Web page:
Soda Taxes Can Protect Health in Asia
Ripe for a sin tax.
There are many, many more Asians than there are Americans, but a far smaller share of them have enjoyed a refreshing cola lately. Global soft-drink makers view this as an opportunity to hook new customers. For Asian governments, it’s a public health challenge -- one they can meet by levying soda taxes.
Sugary drinks, along with the many other processed foods that contain added sugar, are a primary driver of the obesity epidemic: Some 41 million children under the age of 5 worldwide are overweight or obese, nearly half of them in Asia. Added sugar also contributes to the skyrocketing incidence of diabetes, as well as heart, liver and kidney diseases.
In more affluent countries, where people are increasingly aware of sugar’s ill effects, per-capita consumption is declining. But it’s rising fast in India, Indonesia and other developing countries, as big soda makers push for new customers. Coca-Cola intends to invest more than $10 billion to grow its business in India, China and the Philippines alone. Big Tobacco once followed a similar strategy, seeking out customers among the rising middle and lower-middle classes of Asia as the developed world clamped down on smoking.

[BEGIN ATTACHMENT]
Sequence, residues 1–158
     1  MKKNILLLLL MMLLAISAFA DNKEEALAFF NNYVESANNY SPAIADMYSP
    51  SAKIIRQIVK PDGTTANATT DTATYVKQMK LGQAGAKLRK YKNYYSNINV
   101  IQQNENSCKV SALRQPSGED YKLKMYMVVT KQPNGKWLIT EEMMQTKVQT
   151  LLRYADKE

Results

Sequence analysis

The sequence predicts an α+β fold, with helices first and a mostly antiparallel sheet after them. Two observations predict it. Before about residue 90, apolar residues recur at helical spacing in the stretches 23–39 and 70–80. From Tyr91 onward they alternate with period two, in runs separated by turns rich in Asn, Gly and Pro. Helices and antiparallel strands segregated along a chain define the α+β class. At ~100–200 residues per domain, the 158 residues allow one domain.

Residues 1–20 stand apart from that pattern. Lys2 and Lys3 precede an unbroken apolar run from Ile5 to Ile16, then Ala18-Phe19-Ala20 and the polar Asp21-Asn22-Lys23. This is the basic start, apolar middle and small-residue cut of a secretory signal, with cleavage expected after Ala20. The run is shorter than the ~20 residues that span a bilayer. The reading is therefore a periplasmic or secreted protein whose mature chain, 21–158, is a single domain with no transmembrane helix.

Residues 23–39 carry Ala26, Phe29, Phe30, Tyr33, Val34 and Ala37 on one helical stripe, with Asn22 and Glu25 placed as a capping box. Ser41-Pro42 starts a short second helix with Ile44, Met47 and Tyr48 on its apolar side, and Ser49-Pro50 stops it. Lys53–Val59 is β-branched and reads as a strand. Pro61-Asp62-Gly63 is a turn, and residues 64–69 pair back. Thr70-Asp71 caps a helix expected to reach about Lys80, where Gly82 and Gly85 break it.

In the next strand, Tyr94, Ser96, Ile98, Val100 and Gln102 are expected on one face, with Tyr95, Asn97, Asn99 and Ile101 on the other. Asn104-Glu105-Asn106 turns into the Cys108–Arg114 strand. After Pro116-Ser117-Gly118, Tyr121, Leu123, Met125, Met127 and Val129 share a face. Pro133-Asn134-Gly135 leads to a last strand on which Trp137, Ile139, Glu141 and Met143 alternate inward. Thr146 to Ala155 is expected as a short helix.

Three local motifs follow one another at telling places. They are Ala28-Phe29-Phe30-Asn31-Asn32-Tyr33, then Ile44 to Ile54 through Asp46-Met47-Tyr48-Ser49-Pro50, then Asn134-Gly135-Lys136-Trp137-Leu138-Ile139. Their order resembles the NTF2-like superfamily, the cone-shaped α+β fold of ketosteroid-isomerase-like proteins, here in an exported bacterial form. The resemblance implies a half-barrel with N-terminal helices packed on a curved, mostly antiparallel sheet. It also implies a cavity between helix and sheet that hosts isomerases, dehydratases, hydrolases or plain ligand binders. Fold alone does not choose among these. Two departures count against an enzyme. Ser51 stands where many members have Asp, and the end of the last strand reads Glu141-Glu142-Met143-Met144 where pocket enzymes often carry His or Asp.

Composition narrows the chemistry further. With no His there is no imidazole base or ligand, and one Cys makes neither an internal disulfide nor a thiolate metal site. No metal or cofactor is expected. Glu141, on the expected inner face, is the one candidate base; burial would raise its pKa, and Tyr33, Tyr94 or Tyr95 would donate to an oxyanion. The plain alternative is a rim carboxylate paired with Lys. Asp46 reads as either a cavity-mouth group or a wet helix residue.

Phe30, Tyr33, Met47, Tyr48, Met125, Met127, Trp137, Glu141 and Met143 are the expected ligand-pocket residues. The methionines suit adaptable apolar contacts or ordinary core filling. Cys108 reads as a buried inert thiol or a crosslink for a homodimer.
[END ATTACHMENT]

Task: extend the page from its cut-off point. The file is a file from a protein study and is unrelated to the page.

Asian countries can easily avoid falling into the same trap with sugar, and some of them already recognize it: The Philippines, India and Indonesia are all considering substantial taxes on sugary drinks.
Such measures can drive down soft-drink consumption, as Mexico’s experience shows. Just one year after its soda tax was put in place, purchases of sugary drinks in the country fell substantially. Other measures -- restrictions on advertising, bans in schools, front-of-pack labels highlighting the dangers of sugar -- haven’t been evaluated consistently. But given the scale of the public health threat involved, countries would be wise to experiment with a combination of them.
For the push against unhealthy sugar consumption to be most effective, China -- where nearly half of all kids drink sugary beverages regularly and half of the population is either diabetic or pre-diabetic -- will need to join in. And regulators in every country will need to be careful not to discriminate among brands: To target the fizzy beverages made by the likes of Coca-Cola and Pepsi risks ignoring locally made packaged juices, which can be just as unhealthy.
Soft-drink companies warn darkly that new taxes will force them to pull back from emerging markets, putting jobs at risk. Asian governments should keep in mind the much larger costs they'll face -- in chronic disease, lost productivity and mortality -- if they fail to keep sugar consumption under control.
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